Quinn has previously overseen other innovations at the paper. They don’t necessarily come in the form of new types of technology — rather, he’s overseeing changes to the conventional wisdom of what gets covered and what doesn’t. Back in 2018, I spoke with himabout his newsroom’s decision to stop automatically running mugshots (“the worst photos people will ever take”) alongside stories about minor crimes, to no longer name the perpetrators of minor crimes, and to review people’s requests to remove their names from old stories.
“We’re not 100 percent. We don’t cover everything that moves; we pick and choose,” Quinn told me at the time. And that movement has gathered speed.
Back to 2021: On Saturday, Quinn provided an update. The paper’s policy to “not take the bait and give these false statements the oxygen they need to flourish” is going well:
"Readers responded quite favorably to what we are doing, and rest assured that people are not complaining that they miss Mandel’s hate-filled invective.
"But the policy applies well beyond Mandel. We had a couple of recent examples, one involving a Republican and one a Democrat.
"Trump held a rally in Wellington a few weeks ago, and before he arrived, our political writers and editors met to talk about how we would cover him. For months Trump has been spreading a false and dangerous narrative about how the election was stolen from him.
"It’s a claim so ridiculous that one wonders why he keeps making it, but then we see a portion of the population that buys that claim, eschewing their powers of independent thought and judgment to blindly follow the former president. That’s why Trump’s claim is dangerous. It baselessly undermines confidence in America’s time-tested election system with Trump’s followers.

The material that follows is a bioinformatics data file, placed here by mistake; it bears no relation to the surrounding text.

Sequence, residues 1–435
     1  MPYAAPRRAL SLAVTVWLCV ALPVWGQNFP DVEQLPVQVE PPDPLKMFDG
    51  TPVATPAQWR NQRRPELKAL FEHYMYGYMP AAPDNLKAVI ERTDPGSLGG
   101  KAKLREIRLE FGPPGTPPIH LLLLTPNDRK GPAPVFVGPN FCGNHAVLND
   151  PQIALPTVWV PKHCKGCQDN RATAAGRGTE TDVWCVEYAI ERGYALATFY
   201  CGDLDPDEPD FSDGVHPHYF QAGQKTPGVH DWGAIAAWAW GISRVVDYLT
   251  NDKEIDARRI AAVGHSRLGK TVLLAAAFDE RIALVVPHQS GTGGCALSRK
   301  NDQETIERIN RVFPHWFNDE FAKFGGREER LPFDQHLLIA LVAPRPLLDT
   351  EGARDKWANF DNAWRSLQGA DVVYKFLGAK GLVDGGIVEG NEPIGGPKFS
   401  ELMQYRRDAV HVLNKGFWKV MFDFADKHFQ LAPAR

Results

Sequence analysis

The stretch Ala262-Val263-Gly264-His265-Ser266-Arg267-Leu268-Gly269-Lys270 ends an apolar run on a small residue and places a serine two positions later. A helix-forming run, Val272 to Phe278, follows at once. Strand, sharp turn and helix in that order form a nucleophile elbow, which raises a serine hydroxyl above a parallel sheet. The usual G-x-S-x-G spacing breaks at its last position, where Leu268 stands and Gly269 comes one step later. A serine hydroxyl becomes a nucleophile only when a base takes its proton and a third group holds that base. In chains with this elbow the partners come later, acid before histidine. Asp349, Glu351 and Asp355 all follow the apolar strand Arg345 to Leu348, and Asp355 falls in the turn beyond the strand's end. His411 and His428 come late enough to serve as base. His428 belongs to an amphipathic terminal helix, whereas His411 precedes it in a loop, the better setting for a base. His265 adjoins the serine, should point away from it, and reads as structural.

"So, we were not going to quote Trump making his absurd claims about the election. We weren’t going to quote any of his many false statements. We were not going to give them oxygen.
"What we did do was cover how his visit affected the Republican Senate candidates who are so desperate to receive the former president’s benediction. Seth Richardson wrote the piece, which put the race to replace Senator Rob Portman into a fresh perspective. The candidates seem more interested in what Trump thinks of them than they are in what Ohioans think, so the Trump visit could have had an impact. As it ended up, he barely mentioned them. […]
"The other example comes courtesy of Dennis Kucinich, a candidate for Cleveland mayor. He’s in a crowded race, making it a challenge to stand out, and candidates sometimes resort to stunts to get their names mentioned. That’s what Kucinich did.
"He put together a mailing with an image of the Cleveland script sign, riddled with bullets and dripping blood, in a bid to use Cleveland’s violence epidemic to his advantage. (Destination Cleveland, which has a trademark on the Cleveland Script sign, immediately ordered Kucinich to cease using it.)
"There was no news in what Kucinich did. It was 100 percent a stunt. We’ve reported plenty on the violence in Cleveland. A stunt by Kucinich to highlight adds nothing to the conversation. We did not cover his stunt, although at least one television station did."